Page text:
South Africa will look to celebrate Hashim Amla’s 100th test by completing a series whitewash over Sri Lanka in the third test at the Wanderers from Thursday.
Having thumped Sri Lanka by 206 runs and 282 runs in the first two tests, South Africa has extra impetus from Amla’s milestone to keep the visitors unhappy.
Quiet by nature, Amla has turned down the offer of a special dinner to mark the occasion and has steered clear of speaking to the press, but his teammates intend to turn a dead rubber into a memorable match.
“Hashim has been one of our pillars over a long period of time. It would be really nice for us to give him a victory,” fast bowler Wayne Parnell said on Tuesday.
Amla made his debut against India in Kolkata in November 2004, and although he struggled in his first three tests, he overcame that hurdle to become one of South Africa’s most prolific batsmen.
Now 33, Amla has scored 7,665 runs in test cricket at an average just below 50, and his unbeaten 311 against England at The Oval is the highest score by a South African in tests.
However, he has undergone a rare lean patch over the past six months, when he has gone 12 innings without a hundred, and nine without a half-century.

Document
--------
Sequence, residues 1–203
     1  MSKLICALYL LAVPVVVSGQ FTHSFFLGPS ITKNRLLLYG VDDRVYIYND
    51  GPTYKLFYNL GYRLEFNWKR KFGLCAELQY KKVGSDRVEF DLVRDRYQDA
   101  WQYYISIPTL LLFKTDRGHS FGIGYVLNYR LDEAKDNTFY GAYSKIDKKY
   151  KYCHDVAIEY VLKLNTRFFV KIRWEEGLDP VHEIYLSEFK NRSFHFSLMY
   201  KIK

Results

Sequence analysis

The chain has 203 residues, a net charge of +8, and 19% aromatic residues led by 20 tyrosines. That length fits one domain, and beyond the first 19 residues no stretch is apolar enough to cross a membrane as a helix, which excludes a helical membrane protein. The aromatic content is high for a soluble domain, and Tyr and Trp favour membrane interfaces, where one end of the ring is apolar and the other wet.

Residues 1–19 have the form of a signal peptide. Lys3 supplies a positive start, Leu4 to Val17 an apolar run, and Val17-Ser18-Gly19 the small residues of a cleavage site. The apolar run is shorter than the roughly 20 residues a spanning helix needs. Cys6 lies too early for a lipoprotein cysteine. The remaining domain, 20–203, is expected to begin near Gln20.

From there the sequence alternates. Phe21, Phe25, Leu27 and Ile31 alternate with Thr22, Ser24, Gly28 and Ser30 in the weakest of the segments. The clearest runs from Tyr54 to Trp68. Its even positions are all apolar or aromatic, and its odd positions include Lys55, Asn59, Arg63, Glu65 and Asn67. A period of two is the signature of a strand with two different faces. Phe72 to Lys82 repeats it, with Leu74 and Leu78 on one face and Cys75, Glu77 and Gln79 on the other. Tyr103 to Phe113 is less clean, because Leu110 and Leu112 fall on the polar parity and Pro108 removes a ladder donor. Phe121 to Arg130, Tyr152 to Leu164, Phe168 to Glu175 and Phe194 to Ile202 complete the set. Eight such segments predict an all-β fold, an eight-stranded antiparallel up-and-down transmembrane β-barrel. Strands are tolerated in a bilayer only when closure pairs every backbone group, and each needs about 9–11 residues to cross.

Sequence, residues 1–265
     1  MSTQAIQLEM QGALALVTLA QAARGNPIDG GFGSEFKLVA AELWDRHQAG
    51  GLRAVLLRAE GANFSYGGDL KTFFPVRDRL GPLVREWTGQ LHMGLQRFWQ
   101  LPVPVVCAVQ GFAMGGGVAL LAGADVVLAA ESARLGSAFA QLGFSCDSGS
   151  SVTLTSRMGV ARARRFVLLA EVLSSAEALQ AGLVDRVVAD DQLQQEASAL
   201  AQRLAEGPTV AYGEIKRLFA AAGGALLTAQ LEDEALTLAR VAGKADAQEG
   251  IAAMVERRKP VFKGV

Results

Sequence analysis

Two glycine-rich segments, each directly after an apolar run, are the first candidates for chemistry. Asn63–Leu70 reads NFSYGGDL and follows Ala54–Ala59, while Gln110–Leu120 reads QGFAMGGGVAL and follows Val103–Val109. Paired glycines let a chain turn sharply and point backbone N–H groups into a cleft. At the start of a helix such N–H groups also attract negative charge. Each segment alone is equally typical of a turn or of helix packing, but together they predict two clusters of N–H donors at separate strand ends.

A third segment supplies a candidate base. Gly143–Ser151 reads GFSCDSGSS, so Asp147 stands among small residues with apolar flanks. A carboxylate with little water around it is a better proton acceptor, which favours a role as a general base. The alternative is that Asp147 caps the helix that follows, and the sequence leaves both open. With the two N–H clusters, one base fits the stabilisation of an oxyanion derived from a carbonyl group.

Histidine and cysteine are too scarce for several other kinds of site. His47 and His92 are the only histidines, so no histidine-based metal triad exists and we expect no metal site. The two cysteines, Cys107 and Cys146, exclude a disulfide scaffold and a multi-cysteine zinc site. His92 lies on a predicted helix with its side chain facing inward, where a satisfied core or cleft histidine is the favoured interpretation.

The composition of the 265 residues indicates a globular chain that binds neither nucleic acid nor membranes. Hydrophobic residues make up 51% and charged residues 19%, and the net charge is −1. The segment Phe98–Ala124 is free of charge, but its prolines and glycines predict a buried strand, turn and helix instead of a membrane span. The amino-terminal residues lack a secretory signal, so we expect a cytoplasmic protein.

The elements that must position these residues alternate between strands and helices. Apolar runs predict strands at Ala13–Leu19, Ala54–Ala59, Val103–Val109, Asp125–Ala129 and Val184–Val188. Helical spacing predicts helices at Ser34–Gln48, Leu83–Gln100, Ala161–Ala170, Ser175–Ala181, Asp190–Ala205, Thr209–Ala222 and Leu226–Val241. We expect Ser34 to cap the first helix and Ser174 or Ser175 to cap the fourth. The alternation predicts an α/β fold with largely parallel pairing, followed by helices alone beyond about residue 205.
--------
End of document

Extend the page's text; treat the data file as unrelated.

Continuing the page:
“He’s a brilliant player, but he’s not in form in this series. Hopefully it will be the same in this match as well,” Sri Lanka batsman Dhananjaya de Silva said.
Sri Lanka has struggled with the seam movement on South Africa’s pitches, failing to cross 300 in its four innings.
It is unlikely to have any respite at the Wanderers, where South Africa is contemplating the employment of four fast bowlers to take advantage of seam-friendly conditions.
Last season’s test at the venue saw England defeat South Africa in just three days, as Stuart Broad took 6-17 in the second innings to bowl the host out for 83.
Although rain has hampered preparation this week, groundsman Bethuel Buthelezi does not expect the batsmen to find life as difficult this time around.
“I will keep grass on the pitch and there will be bounce and carry, but there won’t be as much in the wicket as there was for Broad,” Buthelezi said.
“This will be a wicket that will offer run-scoring opportunities.”
Amla has scored just two of his 25 test centuries at the venue, with the last one coming more than five years ago.
But whether or not he breaks that run and marks his 100th test with a score of note, his impact on South African cricket is not in question.
“You can look up stats and see the records and that tells one half of the tale. The person he is is more important,” opening batsman Stephen Cook said. “You are a human being first and a cricketer second, and he epitomises that.”